London: The hottest material ever created in the laboratory sounds like a weird drone - similar to a sound that may have pervaded the universe just after the big bang, when space was a seething cauldron of matter.
The Relativistic Heavy Ion Collider in Upton, New York, slams gold ions together, breaking the atoms and their constituent protons and neutrons into even smaller bits called quarks and gluons.
According to the New Scientist, the quark-gluon plasma is trillions of degrees and mimics conditions when the universe was a millionth of a second old. As the fireball created in this "little bang" cools, the individual quarks and gluons combine into a zoo of larger particles.
Fluctuations in density correspond to sound waves. So the researchers studied how the distribution of particles evolved in time to see how the sound changed. They then had to multiply the wavelengths of the sound by roughly 10 billion billion to be audible to the human ear.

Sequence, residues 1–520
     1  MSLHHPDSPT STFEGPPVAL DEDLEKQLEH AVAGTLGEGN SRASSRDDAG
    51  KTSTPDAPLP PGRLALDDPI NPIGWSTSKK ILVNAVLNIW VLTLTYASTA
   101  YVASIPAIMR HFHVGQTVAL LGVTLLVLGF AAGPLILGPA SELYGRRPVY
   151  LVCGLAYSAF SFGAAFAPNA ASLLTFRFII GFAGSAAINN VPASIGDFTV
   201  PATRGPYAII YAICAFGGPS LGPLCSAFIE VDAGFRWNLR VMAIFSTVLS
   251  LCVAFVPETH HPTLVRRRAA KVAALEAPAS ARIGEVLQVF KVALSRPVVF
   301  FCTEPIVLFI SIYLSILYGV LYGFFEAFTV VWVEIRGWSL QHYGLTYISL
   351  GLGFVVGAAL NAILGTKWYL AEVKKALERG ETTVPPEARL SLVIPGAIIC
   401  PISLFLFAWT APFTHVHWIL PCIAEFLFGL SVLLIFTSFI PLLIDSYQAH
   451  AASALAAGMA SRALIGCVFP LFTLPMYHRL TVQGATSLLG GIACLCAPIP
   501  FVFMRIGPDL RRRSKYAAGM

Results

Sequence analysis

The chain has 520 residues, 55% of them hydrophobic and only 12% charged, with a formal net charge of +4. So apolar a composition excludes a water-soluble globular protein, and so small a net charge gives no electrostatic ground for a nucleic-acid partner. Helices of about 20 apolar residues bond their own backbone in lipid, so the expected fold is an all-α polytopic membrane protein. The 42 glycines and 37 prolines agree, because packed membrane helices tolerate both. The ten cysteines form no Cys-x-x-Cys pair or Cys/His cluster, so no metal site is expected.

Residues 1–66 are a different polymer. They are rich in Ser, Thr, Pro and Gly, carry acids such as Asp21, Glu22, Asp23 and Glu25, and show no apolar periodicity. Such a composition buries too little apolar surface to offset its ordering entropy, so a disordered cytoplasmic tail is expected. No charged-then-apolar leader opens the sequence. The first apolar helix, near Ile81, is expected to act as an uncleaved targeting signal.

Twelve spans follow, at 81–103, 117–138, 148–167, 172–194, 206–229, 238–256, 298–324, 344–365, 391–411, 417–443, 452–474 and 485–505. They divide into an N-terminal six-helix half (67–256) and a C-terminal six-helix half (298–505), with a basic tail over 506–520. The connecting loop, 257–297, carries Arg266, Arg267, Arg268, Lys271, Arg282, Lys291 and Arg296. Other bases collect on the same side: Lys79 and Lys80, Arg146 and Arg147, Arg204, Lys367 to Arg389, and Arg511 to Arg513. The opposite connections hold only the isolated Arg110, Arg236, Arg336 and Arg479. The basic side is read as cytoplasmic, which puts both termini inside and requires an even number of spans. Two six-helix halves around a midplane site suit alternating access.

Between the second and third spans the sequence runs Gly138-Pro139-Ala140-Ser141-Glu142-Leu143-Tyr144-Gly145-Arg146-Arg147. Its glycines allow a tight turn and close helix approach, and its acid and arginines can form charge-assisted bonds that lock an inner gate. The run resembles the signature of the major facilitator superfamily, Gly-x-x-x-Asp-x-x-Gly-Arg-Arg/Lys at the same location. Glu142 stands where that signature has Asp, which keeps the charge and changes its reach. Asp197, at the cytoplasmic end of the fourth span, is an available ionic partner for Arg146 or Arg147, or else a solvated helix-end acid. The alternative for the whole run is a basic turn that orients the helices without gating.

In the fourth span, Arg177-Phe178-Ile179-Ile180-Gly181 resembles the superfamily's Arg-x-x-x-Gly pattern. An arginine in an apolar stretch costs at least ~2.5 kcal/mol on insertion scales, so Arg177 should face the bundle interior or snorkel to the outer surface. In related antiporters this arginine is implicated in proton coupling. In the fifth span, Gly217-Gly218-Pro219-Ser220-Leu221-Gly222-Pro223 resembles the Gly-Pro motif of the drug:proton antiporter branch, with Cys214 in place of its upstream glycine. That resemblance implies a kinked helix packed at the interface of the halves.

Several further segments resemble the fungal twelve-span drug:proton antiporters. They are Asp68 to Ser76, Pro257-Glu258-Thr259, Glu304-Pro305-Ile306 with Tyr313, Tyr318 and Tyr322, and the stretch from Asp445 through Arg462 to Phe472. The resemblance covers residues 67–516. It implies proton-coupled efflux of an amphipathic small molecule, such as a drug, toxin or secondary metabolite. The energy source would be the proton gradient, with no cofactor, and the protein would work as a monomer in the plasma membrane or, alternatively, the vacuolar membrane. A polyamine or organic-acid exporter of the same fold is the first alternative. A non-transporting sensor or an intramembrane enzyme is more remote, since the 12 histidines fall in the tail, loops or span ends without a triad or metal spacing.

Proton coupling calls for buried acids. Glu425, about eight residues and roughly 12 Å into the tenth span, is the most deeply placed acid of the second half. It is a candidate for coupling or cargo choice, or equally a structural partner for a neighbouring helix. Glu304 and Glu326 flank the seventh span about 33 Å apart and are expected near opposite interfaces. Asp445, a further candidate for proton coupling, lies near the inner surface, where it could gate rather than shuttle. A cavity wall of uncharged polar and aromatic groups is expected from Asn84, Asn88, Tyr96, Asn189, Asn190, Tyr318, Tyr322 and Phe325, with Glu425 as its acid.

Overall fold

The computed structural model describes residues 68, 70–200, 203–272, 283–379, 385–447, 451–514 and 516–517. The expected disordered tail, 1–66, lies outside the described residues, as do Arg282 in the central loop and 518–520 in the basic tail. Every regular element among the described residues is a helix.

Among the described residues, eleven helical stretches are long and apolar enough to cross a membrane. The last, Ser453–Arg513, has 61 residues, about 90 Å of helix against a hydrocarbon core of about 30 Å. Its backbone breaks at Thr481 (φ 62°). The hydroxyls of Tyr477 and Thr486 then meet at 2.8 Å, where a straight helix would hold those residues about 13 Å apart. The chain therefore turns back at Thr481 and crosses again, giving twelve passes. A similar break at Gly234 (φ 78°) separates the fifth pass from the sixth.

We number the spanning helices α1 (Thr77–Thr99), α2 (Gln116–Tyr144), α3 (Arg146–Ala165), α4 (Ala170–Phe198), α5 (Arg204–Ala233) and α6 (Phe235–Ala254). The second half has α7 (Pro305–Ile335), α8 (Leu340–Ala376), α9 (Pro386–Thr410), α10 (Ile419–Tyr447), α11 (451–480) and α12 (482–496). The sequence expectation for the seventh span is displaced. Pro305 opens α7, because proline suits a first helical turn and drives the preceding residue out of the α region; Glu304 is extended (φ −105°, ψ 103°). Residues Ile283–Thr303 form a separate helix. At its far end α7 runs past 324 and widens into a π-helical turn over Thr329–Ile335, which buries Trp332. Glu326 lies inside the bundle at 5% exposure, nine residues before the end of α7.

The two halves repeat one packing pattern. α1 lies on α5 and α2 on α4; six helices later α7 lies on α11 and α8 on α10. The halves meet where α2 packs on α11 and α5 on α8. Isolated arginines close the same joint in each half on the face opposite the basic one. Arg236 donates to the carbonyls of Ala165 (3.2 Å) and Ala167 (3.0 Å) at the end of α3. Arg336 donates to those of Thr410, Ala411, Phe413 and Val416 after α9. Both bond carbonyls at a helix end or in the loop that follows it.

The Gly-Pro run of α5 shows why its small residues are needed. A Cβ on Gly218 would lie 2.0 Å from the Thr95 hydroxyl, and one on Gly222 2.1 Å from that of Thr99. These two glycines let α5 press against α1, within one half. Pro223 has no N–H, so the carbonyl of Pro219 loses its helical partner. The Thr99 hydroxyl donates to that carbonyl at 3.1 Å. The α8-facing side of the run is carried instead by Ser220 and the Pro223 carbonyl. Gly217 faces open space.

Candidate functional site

The lower tones become more and more prominent as the fireball expands and the speed of sound changes due to the resulting drop in the fireball’s density.
About halfway through, a wiggle in the tone signals the point at which quarks and gluons recombine to form particles from protons to pions.